Since affirming gay marriage and the ordination of practicing gay persons membership, in the Presbyterian Church (USA) has decreased by 20 percent and youth professions of faith by over 50 percent. Since making the same changes, The United Church of Christ has seen its membership decline by 30 percent. The Evangelical Lutheran Church in America has experienced such a rapid decline that its Office of Research and Evaluation projects that the whole denomination will have fewer than 16,000 persons in worship by 2041. Rather than seeing an influx of secular people since adopting a liberalized sexual ethic, The Episcopal Church (USA) has experienced a decrease in its attendance that is so dramatic that church growth expert the Rev. Dr. Dwight Zscheile wrote, “The overall picture is dire … At this rate there will be no one in worship by around 2050 in the entire denomination.”
What reason, what hope do UM leaders have that it will be different for the UM Church? Do they really believe that the UM pastors remaining in the UM Church are so spectacularly different from the pastors of our sister denominations that our story will be different when it comes to reaching the culture? Are our pastors more committed, more spiritual, more insightful, more compelling than the clergy in the PCUSA, the UCC, the ECUSA, and the ELCA? So different from the pastors of other liberal denominations that our team will crack the cultural code and we will be able to reach the masses where all the others have failed? That doesn’t sound like hope. That sounds like hubris.
Some centrist leaders have said, “Those who are leaving are primarily small churches. We hate to see them go. But losing them will not have a big impact on the denomination as a whole.”
It’s true most of the churches that have left the UM Church are small churches. That’s because most UM churches are small churches. Before the devastating impact of the pandemic on church attendance, fifty percent of all UM Churches had less than fifty persons in worship on a Sunday. Seventy-five percent had less than a hundred. The numbers are even worse now. To be honest the leaders telling people that most of the churches that are leaving are small churches need also to report that most of the churches remaining are small churches.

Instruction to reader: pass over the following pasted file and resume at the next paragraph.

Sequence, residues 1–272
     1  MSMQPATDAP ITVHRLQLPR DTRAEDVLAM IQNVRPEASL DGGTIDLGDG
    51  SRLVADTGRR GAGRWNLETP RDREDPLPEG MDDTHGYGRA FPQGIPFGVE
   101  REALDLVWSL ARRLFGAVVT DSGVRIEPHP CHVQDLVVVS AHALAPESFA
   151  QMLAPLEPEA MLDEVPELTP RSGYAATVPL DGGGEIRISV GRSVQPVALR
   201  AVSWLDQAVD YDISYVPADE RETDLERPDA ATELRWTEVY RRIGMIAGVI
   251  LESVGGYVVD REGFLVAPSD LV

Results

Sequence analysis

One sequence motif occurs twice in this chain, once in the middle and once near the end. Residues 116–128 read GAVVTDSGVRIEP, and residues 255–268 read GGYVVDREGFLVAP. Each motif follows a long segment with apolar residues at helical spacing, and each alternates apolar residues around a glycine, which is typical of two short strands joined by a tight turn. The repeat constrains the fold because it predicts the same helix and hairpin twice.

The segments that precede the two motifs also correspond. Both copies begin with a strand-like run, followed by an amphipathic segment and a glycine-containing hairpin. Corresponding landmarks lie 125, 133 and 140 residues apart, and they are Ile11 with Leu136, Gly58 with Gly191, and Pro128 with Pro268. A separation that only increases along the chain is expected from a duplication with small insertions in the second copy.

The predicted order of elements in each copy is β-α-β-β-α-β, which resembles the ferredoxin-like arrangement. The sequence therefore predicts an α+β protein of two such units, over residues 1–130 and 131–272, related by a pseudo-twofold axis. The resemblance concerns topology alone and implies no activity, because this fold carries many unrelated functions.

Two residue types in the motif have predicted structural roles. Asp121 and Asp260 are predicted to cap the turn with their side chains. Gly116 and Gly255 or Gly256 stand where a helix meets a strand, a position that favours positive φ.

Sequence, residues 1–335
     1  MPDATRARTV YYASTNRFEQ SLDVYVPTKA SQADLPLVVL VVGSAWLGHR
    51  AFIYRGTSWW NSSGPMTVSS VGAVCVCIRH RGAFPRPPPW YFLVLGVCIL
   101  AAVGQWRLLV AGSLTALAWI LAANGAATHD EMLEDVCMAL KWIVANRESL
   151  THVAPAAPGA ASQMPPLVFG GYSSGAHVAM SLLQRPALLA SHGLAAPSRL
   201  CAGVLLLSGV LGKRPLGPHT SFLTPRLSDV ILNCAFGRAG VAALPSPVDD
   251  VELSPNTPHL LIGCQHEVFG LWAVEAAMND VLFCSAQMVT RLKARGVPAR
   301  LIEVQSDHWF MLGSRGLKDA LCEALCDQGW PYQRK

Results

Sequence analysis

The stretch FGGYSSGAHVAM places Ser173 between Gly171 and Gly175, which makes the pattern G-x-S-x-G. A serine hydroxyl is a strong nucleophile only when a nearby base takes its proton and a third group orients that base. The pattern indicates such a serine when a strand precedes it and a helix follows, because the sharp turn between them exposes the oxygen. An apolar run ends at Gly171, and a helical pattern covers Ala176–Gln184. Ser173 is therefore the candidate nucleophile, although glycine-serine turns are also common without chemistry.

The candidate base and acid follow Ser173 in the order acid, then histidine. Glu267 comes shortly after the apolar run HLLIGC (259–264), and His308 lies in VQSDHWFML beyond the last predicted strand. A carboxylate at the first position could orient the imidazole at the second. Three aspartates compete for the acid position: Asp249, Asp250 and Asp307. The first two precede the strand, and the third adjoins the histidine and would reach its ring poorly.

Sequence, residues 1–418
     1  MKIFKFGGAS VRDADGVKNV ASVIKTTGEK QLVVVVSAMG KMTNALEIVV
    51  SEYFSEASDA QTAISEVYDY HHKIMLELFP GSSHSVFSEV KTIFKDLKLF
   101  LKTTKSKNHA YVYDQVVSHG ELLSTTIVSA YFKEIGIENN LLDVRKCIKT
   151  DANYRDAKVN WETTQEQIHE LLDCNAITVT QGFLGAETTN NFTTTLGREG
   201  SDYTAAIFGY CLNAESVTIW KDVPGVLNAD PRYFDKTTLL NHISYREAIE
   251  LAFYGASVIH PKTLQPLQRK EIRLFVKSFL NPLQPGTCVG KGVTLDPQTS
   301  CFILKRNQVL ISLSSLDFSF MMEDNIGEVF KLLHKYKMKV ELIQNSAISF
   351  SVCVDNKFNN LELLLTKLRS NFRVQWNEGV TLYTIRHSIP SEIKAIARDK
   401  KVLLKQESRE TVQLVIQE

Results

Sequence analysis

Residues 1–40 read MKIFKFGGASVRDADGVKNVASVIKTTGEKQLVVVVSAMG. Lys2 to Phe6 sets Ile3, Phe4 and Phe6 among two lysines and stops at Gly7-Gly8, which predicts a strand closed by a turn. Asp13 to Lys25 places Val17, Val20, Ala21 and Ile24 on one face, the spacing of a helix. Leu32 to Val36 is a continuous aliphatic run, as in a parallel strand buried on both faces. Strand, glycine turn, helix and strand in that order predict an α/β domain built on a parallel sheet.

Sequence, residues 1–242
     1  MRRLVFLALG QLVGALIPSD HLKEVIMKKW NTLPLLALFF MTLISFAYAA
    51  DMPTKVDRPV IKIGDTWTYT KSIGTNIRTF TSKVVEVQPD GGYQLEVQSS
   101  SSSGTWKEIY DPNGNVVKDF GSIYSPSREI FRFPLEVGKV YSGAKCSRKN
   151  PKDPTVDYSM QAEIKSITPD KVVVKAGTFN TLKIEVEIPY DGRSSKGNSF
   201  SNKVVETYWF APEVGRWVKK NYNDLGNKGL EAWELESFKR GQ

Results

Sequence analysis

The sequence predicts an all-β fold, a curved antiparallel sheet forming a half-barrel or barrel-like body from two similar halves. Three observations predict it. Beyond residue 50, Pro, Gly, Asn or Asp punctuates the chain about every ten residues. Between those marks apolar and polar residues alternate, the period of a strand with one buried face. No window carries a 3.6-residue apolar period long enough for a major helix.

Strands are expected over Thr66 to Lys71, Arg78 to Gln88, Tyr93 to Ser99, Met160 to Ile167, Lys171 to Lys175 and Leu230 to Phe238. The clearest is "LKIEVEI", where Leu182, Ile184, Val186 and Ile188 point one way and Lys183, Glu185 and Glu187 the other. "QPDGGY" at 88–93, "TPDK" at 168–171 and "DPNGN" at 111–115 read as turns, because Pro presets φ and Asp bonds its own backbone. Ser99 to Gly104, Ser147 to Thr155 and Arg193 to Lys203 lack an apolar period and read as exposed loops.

They also need to tell their followers that many of the denomination’s largest congregations have left. A partial listing includes three of the four largest in the Texas AC, the largest in the Rio Texas AC, and the largest in the Central Texas AC. The four congregations in Louisiana with the highest attendance have left, as well as the two largest in the Alabama-West Florida Conference. The largest church in North Georgia, Illinois Great Rivers and in Mississippi exited years ago. Two of the three largest congregations in North Alabama are out. The two congregations with the highest attendance in Oklahoma have disaffiliated, as well as the churches with the highest attendance in the Michigan, North Carolina, South Georgia, and the Northwest Texas Annual Conferences. The results are similar in other Annual Conferences, but these examples illustrate that those saying the churches that have exited are primarily small congregations are misrepresenting the truth of what has happened in the UM Church.
If the majority of the 6000 churches that have left are so small, why has the General Council on Finance and Administration proposed that the denomination’s budget for the next quadrennium be cut by 40 percent? That is an astounding number. That is an alarm bell loud enough to awaken all those who have ears to hear.
Membership is declining. Attendance is decreasing. Finances are struggling. And the plan is to blame the traditionalists, keep electing progressive leaders, double down on the liberal agenda that has brought the UM Church to where it is – and be hopeful.
Hope is a wonderful thing. But hope is not a strategy or a plan or a way forward. In fact, if it’s a blind “hope against hope” kind of hope, it can be a detriment to making the changes that need to be made.
Do I wish the UM Church well? I do. Am I hopeful for the UM Church? I want to be. But I can’t be until I hear its leaders deal with the real reasons it has declined for the past fifty-five years, acknowledge that something went very wrong when 20 percent of its churches and five of its bishops felt compelled to leave the denomination, and admit that maybe, just maybe, they are part of the problem.
Rob Renfroe is the president and publisher of Good News. Photo by James Barr on Unsplash.